Sunday December 19, 2021 The Fourth Sunday of Advent (Cycle C)
The tie in between today’s readings: Surrender to God’s Will
“Man is a religious animal. He is the only religious animal. He is the only animal that has the true religion…several of them.” Mark Twain. The basic concept of religion is reconnecting. Man instinctively knows that something is wrong. He doesn’t play well with others, and there’s an innate uneasy feeling between himself and something else that he calls god. He devises many schemes to try to correct this situation: eastern mysticism, pious observances, and ritualistic performances, to name a few. On the other side of the spectrum, he’ll ignore the whole problem, arrogantly ridicule this “religion nonsense” and make up his own rules. By denying God, he then becomes his own god but fails to live up to the job description. The final result of all these flawed and feckless adventures is a grand case of “hope so”. The God of the Bible looks on the scene. He sees the best that humans can achieve will never be good enough. “I don’t want to lose them” says the Father. He turns to the Second Person of the Trinity, “Knowing what’s involved, will You go down and become one of them, Son”? He agrees, as illustrated in Hebrews 10, today’s reading. Jesus is to have a body. Now, where to put Him?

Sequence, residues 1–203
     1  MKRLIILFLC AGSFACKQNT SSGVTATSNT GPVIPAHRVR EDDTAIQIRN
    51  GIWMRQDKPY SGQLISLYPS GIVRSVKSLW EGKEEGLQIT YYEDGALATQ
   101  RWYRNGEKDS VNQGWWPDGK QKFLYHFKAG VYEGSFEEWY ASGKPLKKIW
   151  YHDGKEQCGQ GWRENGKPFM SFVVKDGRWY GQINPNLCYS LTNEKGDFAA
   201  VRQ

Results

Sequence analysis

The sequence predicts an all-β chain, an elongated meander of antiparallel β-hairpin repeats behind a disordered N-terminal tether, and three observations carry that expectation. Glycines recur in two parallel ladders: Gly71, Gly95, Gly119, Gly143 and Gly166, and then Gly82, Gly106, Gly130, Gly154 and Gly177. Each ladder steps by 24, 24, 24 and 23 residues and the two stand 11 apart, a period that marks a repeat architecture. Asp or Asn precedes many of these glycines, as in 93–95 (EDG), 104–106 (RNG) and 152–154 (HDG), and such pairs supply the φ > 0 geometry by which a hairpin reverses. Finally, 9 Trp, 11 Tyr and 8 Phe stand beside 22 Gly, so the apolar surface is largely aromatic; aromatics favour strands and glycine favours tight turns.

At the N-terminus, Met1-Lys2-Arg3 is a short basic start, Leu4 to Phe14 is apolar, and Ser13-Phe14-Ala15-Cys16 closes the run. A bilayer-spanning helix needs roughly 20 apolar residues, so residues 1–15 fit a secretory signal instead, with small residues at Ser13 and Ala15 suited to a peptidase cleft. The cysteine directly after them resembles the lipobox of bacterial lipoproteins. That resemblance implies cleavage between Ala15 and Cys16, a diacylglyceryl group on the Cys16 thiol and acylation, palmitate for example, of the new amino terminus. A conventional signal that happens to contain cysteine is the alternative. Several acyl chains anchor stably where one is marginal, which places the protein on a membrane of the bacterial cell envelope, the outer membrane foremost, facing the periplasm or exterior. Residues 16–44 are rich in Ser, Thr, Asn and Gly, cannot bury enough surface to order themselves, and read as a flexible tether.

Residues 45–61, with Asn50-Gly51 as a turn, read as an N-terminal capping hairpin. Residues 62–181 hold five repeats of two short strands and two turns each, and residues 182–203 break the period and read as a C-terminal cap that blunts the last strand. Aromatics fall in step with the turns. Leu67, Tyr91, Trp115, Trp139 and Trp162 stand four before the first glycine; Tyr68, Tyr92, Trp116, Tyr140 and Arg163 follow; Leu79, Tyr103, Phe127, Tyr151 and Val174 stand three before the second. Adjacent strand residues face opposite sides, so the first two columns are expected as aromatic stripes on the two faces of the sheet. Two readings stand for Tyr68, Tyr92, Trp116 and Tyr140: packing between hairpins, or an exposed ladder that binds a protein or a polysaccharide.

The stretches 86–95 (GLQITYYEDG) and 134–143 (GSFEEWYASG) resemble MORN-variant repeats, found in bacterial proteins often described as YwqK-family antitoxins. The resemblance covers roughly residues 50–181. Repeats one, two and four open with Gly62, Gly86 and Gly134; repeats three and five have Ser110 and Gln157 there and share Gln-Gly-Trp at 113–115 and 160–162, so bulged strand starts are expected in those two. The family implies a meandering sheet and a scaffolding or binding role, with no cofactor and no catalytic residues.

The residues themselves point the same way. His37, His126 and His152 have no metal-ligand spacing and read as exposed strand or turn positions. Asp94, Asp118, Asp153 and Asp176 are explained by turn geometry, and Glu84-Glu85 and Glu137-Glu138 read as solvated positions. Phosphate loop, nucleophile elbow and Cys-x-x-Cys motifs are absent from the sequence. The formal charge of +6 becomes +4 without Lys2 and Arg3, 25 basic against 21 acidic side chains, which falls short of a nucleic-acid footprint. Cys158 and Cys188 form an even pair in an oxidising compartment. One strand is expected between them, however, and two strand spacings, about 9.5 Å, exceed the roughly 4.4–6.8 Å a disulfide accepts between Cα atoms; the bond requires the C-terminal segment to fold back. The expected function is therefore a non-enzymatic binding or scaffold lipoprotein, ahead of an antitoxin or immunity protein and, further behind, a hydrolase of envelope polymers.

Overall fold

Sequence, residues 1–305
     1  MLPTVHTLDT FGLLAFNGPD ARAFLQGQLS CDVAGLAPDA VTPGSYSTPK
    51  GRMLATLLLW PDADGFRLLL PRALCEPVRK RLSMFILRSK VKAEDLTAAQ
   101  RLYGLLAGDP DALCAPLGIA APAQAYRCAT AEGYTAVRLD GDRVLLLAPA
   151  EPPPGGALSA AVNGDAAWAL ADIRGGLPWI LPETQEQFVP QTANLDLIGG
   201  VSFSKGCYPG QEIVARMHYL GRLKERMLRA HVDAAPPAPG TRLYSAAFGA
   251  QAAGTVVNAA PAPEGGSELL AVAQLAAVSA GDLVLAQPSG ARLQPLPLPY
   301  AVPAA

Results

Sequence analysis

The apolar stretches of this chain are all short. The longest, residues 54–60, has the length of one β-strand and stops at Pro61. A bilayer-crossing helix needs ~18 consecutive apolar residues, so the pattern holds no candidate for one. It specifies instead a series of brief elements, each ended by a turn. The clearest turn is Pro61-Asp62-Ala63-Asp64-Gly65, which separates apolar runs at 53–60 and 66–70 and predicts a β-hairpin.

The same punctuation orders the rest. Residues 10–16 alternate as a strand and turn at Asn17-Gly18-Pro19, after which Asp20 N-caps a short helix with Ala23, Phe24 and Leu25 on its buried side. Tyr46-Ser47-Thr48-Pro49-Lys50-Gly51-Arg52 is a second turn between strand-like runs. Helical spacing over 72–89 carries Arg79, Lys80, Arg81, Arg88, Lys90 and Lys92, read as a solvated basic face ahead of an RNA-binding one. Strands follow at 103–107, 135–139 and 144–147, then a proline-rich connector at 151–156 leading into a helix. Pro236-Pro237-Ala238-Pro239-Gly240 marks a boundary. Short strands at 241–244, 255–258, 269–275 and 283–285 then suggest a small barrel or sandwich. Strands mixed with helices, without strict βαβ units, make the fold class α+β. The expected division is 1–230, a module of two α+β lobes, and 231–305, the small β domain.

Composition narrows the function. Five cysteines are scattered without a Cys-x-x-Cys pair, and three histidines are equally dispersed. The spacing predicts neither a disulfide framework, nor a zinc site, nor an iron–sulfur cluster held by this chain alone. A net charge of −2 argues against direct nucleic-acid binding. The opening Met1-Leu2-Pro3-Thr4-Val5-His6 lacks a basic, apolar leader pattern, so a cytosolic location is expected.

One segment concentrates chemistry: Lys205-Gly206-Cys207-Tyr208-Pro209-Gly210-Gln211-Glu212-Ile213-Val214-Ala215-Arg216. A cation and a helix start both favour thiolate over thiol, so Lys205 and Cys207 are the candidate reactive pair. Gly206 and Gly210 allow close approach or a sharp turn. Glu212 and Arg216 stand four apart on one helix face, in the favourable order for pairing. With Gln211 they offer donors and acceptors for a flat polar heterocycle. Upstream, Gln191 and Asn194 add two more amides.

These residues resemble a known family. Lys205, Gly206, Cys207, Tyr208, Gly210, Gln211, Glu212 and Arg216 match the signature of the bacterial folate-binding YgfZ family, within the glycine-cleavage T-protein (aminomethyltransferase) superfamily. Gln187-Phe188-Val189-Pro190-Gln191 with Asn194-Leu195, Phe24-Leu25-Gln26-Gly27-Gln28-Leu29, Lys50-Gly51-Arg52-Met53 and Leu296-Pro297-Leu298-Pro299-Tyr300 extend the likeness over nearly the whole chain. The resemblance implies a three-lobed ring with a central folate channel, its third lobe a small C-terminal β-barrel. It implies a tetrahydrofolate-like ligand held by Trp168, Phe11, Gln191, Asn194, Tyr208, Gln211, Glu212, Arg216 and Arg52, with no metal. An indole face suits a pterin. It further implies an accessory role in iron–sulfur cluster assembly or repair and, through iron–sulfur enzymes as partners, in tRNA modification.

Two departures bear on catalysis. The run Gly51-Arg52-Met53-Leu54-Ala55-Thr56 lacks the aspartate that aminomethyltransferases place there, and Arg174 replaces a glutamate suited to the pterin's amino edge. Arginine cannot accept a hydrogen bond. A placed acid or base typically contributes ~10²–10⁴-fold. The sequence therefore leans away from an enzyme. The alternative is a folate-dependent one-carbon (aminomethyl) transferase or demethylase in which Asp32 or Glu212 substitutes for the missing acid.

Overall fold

The betrothed Virgin Mary abandons her plans and submits to the terrifying privilege of giving birth to the Messiah. In a way to ease her fears, the angel Gabriel reminds Mary that nothing is impossible with God, even the miraculous pregnancy of Elizabeth (hint, hint). After the visitation, Mary ups and goes to stay with her cousin (Luke 1:39-45). There’s a lot of Holy Spirit going on at their encounter. Not only does the embryonic John the Baptist leap in Elizabeth’s womb at Mary’s greeting (a favorite verse of all the Pro-Lifers), but Elizabeth also knows she is pregnant with God’s Son even before any double lines would have shown up on the urine stick. Mary launches into her Magnificat, indicating that she is not only a young girl of great faith, but she knows her scripture too. She stays and helps out for three months until her cousin delivers. Elizabeth, “the barren mother”, is no longer despised. It was a needed time of fellowship and preparation for Mary, The Blessed Mother, who is now showing. She goes home ready to face what’s coming: Joseph’s possible rejection, a “Scarlet Letter” stigma by the villagers if not an outright stoning, a sword coming to pierce her heart, suffering, and the relentless song of the town drunks about Mary and her bastard baby boy (Psalm 69:12). In fulfillment of Micah 5, Jesus is born in Bethlehem. She lays Him in a manger and the humiliation of the Almighty is laid bare before the universe as the Logos needs to have His diaper changed. It doesn’t matter. God’s love for man and Mary’s love for God makes the indignity irrelevant.
What do you say to a God who loved you so much that He gave His only begotten Son? Will you put your ideas and plans aside like Mary and say “yes” to Him? Will you trust your life in faith and obedience to God in this world, which will pass away, to gain an eternal joy with Him in heaven? “Fear not,” the angel said, “For unto you is born this day a Savior, which is Christ the Lord” (Luke 2:11). Believe in the atoning sacrifice of Jesus on the cross to pay for your sins and be saved. Make Christmas real and merry.